Too Many SERP Elements

Google shows so much stuff now in the search results. There are ads and snippets. Your post may rank on the first page, but it can also get drowned because of these snippets

Take a look at this example for the keyword “getting traffic for blog.”

As you can see, the first two results are ads. If you scroll down, you get the see the “People also ask” section. 

What happens, then? 

What happens is that your blog post gets pushed below these things. This is why even if you rank, you do not get traffic. Most people would click the first two articles, which are paid for by Bluehost and Hostgator

The other thing that can happen is that the question area may re-direct the user to another page. After all, these questions are relevant.

The solution is not to use keywords where there is a huge demand for ads. You can only know more about this if you go to Google AdWords. Signing up is free, and you can use the Keyword Planner to find out the advertising demand for a keyword.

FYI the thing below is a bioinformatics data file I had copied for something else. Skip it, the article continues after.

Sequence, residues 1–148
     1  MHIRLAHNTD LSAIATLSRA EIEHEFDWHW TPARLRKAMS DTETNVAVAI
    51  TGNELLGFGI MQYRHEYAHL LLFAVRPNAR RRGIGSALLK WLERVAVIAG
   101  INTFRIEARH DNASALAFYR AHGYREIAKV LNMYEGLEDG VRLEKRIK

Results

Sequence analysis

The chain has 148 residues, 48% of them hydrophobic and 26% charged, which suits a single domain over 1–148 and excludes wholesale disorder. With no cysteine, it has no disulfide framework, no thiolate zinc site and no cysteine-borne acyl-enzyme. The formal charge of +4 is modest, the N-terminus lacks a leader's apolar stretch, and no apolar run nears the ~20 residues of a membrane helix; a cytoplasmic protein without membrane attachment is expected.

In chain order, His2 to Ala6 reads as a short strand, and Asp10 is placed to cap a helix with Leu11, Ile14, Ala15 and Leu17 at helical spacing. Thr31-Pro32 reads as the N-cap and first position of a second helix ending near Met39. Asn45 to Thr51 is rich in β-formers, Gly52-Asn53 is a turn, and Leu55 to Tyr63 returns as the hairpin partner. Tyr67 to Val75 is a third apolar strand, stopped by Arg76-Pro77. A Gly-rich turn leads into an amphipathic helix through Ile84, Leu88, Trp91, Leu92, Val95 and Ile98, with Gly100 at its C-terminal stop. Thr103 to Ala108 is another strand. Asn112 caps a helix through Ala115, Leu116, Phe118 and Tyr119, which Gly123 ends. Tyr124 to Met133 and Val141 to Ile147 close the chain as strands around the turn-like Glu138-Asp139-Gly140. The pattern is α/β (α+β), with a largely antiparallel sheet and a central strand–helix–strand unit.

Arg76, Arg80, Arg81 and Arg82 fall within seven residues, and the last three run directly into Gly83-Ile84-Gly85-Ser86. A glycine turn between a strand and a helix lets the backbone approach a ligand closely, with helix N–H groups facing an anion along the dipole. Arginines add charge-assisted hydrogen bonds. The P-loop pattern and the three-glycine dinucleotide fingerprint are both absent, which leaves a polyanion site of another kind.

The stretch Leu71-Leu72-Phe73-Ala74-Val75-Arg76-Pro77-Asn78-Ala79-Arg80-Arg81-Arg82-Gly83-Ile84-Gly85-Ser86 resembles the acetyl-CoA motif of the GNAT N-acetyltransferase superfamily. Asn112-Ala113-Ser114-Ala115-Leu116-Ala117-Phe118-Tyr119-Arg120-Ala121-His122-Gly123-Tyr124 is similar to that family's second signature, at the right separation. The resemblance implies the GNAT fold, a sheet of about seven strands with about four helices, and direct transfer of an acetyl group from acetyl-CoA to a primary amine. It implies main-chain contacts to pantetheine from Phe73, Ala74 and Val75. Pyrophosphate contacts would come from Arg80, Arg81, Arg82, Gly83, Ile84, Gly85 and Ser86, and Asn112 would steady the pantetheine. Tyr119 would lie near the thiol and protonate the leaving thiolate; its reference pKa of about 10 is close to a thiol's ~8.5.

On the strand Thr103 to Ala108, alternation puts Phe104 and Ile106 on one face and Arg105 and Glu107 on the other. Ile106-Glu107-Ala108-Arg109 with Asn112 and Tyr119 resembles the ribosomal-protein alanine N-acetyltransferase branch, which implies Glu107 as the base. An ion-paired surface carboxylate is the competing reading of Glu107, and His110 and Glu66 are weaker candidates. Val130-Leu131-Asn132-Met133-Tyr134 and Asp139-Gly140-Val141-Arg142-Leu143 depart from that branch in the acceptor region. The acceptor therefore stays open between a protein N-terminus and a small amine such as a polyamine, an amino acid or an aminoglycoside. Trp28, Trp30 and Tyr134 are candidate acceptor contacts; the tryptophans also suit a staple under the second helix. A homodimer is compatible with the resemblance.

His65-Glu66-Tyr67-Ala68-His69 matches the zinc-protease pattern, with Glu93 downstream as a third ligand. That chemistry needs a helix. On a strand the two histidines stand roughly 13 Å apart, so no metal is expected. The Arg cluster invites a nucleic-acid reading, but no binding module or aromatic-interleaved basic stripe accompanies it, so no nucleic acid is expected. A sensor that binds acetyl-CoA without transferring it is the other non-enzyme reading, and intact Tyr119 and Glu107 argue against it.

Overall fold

See this screenshot:

What you can do is to use keywords that have a low to medium competition. Your blog post is going to rank and you know that not a lot of people are paying for these keywords for their ads.  

Your Meta-Description Is Not Optimized

The last in our list to optimize web pages is to ensure that your meta-descriptions are written well. You may have ranked high on the SERPs, but if your meta-description does not attract the user, the user is not going to click on your post. 

If you look at these three results, you know that they have done a good job in their meta-description. The user knows what to expect upon clicking these posts.